How do you know whether a model is broken? Or, how do you conduct a model review? There are many specific steps for any review but there are four major questions that have to be addressed that are separate from risk management. The key question of model efficacy should focus on forecasting skill and action. Does the model forecast correctly and is the model employed properly to make good decisions.

1. Is the data used by the model correct or timely? There is a wealth of data that can be used for building a model, yet this key input can be subject to delays and revisions. Hence, the first place to look to see if a model is doing its job is with the data. Many managed futures managers focus on price for the simple reason it is easy to get the data. The data can be smoothed to obtain a signal and the process of obtaining price data is cheap and efficient. This provides tremendous benefits for the investor. The same cannot be said for fundamental data. Any model with fundamental data is likely to have a delay issue, so data review is important.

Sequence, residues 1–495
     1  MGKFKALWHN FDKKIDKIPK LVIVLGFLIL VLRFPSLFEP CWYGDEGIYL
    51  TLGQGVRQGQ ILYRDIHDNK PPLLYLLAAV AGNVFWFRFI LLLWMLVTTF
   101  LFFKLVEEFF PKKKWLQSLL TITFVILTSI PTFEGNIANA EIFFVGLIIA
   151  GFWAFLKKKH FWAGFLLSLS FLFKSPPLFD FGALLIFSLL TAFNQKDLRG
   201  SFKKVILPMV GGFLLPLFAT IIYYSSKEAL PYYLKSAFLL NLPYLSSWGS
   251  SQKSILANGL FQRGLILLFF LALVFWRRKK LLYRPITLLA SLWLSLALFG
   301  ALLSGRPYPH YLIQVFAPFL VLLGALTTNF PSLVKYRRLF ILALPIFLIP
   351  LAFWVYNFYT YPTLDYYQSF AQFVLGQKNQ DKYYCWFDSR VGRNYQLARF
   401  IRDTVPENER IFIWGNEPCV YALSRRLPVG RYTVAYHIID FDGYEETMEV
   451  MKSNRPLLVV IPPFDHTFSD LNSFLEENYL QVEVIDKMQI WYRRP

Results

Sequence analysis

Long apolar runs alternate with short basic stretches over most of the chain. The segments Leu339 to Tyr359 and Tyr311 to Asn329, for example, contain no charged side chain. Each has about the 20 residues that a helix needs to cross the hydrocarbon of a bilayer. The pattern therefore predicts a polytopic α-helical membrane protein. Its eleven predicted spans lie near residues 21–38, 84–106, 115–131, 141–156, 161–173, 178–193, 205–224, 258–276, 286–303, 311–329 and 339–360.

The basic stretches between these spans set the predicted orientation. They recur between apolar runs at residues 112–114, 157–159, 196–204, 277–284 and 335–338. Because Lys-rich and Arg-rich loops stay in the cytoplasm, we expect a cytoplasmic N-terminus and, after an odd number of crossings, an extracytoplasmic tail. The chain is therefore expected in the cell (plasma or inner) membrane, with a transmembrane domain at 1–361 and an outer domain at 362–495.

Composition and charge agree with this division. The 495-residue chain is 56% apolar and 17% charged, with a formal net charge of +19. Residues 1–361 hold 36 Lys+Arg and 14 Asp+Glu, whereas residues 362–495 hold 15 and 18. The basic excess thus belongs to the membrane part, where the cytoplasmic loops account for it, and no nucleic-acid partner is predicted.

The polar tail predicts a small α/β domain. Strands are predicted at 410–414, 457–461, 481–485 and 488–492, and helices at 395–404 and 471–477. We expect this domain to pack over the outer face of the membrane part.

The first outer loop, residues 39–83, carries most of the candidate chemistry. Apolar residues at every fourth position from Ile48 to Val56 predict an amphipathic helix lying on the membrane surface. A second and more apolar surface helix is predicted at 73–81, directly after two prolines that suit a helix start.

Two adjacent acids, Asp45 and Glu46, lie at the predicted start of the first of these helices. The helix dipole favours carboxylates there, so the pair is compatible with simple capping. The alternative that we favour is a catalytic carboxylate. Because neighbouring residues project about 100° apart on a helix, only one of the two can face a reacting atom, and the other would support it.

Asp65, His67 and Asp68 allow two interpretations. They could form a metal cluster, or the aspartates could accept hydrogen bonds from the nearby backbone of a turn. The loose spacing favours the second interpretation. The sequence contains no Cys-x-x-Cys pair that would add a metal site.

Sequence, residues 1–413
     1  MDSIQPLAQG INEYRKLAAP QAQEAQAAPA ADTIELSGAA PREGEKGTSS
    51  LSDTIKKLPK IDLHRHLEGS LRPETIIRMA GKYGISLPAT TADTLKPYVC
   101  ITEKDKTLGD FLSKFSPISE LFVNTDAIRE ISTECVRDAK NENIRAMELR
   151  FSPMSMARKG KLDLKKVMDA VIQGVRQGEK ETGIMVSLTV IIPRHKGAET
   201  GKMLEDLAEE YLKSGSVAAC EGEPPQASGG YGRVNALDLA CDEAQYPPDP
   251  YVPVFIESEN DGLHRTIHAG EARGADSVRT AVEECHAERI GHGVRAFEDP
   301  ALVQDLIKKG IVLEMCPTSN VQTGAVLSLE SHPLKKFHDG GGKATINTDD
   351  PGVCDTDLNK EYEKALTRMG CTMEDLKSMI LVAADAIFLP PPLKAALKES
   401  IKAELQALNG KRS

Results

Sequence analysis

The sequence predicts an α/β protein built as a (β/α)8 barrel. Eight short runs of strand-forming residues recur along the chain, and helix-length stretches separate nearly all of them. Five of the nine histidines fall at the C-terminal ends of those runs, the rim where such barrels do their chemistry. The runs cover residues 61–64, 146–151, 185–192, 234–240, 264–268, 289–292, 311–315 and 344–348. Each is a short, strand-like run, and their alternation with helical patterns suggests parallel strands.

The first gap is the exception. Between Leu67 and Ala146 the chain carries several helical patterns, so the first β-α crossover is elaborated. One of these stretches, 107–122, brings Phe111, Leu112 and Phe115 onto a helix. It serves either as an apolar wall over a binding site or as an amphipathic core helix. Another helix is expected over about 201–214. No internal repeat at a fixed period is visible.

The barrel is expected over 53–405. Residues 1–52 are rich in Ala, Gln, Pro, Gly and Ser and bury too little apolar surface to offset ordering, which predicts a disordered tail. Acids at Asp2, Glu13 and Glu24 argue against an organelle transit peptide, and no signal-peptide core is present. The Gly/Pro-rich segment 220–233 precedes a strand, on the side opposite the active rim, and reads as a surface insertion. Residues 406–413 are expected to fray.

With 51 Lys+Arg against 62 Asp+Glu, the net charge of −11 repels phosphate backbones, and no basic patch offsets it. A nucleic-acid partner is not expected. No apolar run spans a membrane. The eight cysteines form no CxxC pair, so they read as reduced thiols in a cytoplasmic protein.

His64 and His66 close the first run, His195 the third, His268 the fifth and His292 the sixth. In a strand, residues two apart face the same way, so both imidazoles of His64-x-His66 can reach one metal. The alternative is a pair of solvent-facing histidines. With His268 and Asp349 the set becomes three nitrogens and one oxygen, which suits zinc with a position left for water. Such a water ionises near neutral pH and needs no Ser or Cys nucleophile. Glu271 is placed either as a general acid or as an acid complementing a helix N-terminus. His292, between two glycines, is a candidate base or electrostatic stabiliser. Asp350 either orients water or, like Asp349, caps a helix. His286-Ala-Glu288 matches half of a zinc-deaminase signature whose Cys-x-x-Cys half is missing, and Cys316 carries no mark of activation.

2. Is the model using the data correct? It is clear that many financial models can only explain a small portion of the variation of the dependent variable. Additionally, models are subject to structural change when there are changes in the economy and there can exist alternative models that seem to fit the data but can still be wrong. Simply put, is the model theoretically sound, structurally stable, and consistent? This answer can change through time.

3. Is the interpretation of the model output correct? Given the low explanatory power of many models, there is still a lot of room for interpretation for what a model is telling us. The strength of the signal generated from the model can be weak.

4. Is the mapping from model to a decision action correct? What separate modeling research from investing is the mapping from the model to a decision. If the model is given too much weight positions may be too large versus the strength of the signal. Too little weight and the model will not generate any excess return value.














Every investor who uses a model should have a regular model assessment or due diligence. We offer a simple four-step process for discussion purposes. The investor may want to have a deeper analysis with standards for quality control and forecasting skill. What is important is having a review process for model assessment.